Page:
Last week, I attended a talk by Jason van Zyl on Comprehensive Project Intelligence. This talk contained a good overview of some Maven goodies that Jason's company has been working on - namely better repository management (Nexus), better Eclipse support (m2eclipse) and improving an awesome CI server (we use Hudson heavily at LinkedIn).
Photo by Toshio
It looks like Jason is going to be doing a similar session in a full-day format at ApacheCon next week. The good news is it's free, the bad news is you have to be in New Orleans. Hopefully Jason and team will post their slides from this event and we can all learn how to use Maven more effectively.
In other Maven-related news, I hope to complete AppFuse 2.1 around the same time as Spring 3.0 (early next year). As part of that release, I hope to start using Nexus for AppFuse's repository as well as restructure its archetypes to allow using m2eclipse (with WTP) more effectively.
Last night, I stayed up into the wee hours of the morning working on something I've been wanting to do for a long time. It wasn't until I was trouncing around the woods in Montana that I realized how easy it would be. The something I've wanted to do was to modify AppFuse Light to use AppFuse's core modules (service and dao). It only took me a few hours to make it happen and it inspired additional ideas.
I believe the major mistake we made in AppFuse 2.x was making it easy for user's to upgrade their applications. We currently use the maven-war-plugin and our own maven-warpath-plugin to make it possible to include AppFuse classes and assets in your project. You can easily start a new project w/o having a whole bunch of files in your project. The problem is, you can't easily use "mvn jetty:run" to work on your project. Of course, you can use "mvn appfuse:full-source" to solve this, but I'm starting to think more and more that "full-source" should be the default. This is what we did in 1.x and it seems to be the more natural pattern for folks using AppFuse.
That hard part about moving to "full-source" by default is coming up with a way to share common assets and classes among wars and war projects. Sure, I can copy all the shared images, css and js
into each project - but that could become a maintenance nightmare. Subversion 1.5 with relative svn:externals might solve this, but it still seems kinda hacky. I don't want to use the maven-war-plugin because the overlay is kinda hokey and I think it's easier for users to understand when everything
is in their project.
AppFuse's current directory structure in SVN looks as follows. I've added indicators of what is in each directory.
Rather than using AppFuse's current (manual) archetype-creation process, I'd like to move to a more automated creation process using the maven-archetype-plugin's create-from-project feature. I'd like to figure out a way where I can have the source code and assets from web/common included in each of the other web/* projects (both when using "jetty:run" and "archetype:create-from-project"). One idea I thought of is to make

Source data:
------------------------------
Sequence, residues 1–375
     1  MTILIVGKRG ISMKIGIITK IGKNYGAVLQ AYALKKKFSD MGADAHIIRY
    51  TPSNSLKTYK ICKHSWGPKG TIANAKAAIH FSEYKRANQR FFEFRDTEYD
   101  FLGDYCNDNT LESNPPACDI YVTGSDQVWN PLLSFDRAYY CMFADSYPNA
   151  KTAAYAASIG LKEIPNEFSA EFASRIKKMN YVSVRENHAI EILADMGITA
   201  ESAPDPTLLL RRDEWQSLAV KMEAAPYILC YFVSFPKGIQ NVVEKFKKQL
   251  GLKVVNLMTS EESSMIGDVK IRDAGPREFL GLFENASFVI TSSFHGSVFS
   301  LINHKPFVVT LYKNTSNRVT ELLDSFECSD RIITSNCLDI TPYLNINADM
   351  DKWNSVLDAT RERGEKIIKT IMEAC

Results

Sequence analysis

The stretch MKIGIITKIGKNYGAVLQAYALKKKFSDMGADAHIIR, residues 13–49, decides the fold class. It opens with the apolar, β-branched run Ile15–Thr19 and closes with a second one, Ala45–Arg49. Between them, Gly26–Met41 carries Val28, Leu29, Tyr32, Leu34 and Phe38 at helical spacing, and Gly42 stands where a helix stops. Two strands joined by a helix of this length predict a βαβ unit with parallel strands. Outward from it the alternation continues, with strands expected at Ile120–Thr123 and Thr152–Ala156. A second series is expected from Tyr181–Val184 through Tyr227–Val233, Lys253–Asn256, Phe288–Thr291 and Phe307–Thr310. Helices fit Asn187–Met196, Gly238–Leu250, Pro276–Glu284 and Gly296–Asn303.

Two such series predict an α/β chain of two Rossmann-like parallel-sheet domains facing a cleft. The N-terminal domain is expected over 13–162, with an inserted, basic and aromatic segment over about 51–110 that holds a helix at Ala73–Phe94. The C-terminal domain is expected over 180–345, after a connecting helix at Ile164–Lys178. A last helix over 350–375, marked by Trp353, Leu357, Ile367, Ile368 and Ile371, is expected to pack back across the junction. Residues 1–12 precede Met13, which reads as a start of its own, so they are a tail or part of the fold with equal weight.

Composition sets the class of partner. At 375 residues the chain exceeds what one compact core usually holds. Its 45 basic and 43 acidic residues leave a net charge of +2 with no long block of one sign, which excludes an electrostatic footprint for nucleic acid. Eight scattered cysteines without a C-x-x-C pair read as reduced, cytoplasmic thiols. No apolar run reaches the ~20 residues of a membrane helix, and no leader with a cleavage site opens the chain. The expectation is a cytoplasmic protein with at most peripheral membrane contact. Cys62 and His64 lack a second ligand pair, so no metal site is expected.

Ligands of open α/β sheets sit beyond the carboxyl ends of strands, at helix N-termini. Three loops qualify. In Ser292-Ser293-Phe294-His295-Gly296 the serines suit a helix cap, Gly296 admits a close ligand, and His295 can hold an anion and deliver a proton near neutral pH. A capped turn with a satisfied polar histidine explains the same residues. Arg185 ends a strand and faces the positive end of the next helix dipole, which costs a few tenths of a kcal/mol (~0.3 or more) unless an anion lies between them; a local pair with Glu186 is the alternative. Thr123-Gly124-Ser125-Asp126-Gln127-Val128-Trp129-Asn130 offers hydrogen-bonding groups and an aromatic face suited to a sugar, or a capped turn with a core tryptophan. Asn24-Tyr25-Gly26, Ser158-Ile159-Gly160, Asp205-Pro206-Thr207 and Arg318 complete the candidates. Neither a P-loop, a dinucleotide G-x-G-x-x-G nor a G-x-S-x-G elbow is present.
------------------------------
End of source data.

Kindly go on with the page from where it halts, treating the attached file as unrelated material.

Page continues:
Jetty/Maven aware of multiple src/war directories for "jetty:run" and "package" and then
somehow hook into the archetype plugin at creation time to pull in the
shared resources. I don't know if something like this is possible. If you know of a good solution to this shared web assets issue, I'd love to hear about it.
Back to AppFuse Light. If I can figure out how to solve shared resources in web modules, I can use this in AppFuse Light to move to a modular SVN structure vs. its current "use Ant to create different combinations" setup. If a modular structure (like appfuse/web/*) is possible for AppFuse Light, I believe it makes sense to move its source into AppFuse's SVN repository. Below is how the directory structure might look after this move.
With this addition and "archetype:create-from-project", we should be able to create all the basic and light archetypes automatically. We'll probably still need a manual archetype-creation process for modular archetypes, but I'm OK with that.
The last thing I'm struggling with is figuring out the best way to create archetypes for something like AppFuse. In the past, we've used dependencies to allow users to inherit dependencies and their versions. This works, but it results in a lot of duplicate XML (in projects and archetypes) for developers. Last night, I tried using a parent project instead of dependencies and it seems to work much better. Not only do you inherit dependencies, but you also inherit plugins, profiles and properties. If you inherit, you can override, which is slick.
If you're an AppFuse user, how would you feel about having an AppFuse module as your project's parent? Would you prefer that, dependencies on AppFuse or full-source with no dependencies on AppFuse? Regardless of parent vs. dependencies, I think running "appfuse:full-source" should allow you to de-couple your project from AppFuse.